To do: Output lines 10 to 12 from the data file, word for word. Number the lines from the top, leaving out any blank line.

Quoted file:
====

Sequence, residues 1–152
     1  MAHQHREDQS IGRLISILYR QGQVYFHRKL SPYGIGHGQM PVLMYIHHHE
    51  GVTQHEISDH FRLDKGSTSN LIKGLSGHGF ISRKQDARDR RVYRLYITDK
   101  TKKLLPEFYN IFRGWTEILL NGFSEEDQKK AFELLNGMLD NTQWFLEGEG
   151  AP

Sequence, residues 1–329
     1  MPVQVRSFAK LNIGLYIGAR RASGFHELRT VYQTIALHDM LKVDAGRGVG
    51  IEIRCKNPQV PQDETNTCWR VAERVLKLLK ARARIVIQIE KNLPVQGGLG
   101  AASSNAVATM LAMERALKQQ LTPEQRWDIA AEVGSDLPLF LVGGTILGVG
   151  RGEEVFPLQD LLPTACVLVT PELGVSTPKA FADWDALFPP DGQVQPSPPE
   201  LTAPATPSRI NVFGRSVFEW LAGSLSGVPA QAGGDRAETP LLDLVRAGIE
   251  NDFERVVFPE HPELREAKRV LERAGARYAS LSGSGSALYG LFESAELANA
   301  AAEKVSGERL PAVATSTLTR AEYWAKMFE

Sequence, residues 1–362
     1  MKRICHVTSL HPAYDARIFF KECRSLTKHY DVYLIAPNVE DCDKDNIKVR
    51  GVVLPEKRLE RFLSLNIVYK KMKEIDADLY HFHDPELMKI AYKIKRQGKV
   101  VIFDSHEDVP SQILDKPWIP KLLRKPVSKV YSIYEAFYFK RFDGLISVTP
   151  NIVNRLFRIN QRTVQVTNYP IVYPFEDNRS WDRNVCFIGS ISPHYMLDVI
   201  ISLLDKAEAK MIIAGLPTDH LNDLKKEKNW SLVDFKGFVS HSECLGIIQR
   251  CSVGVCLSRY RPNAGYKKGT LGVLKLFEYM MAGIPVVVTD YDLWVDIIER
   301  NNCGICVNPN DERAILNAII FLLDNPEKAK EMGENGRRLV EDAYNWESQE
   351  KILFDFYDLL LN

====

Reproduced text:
   151  RGEEVFPLQD LLPTACVLVT PELGVSTPKA FADWDALFPP DGQVQPSPPE
   201  LTAPATPSRI NVFGRSVFEW LAGSLSGVPA QAGGDRAETP LLDLVRAGIE
   251  NDFERVVFPE HPELREAKRV LERAGARYAS LSGSGSALYG LFESAELANA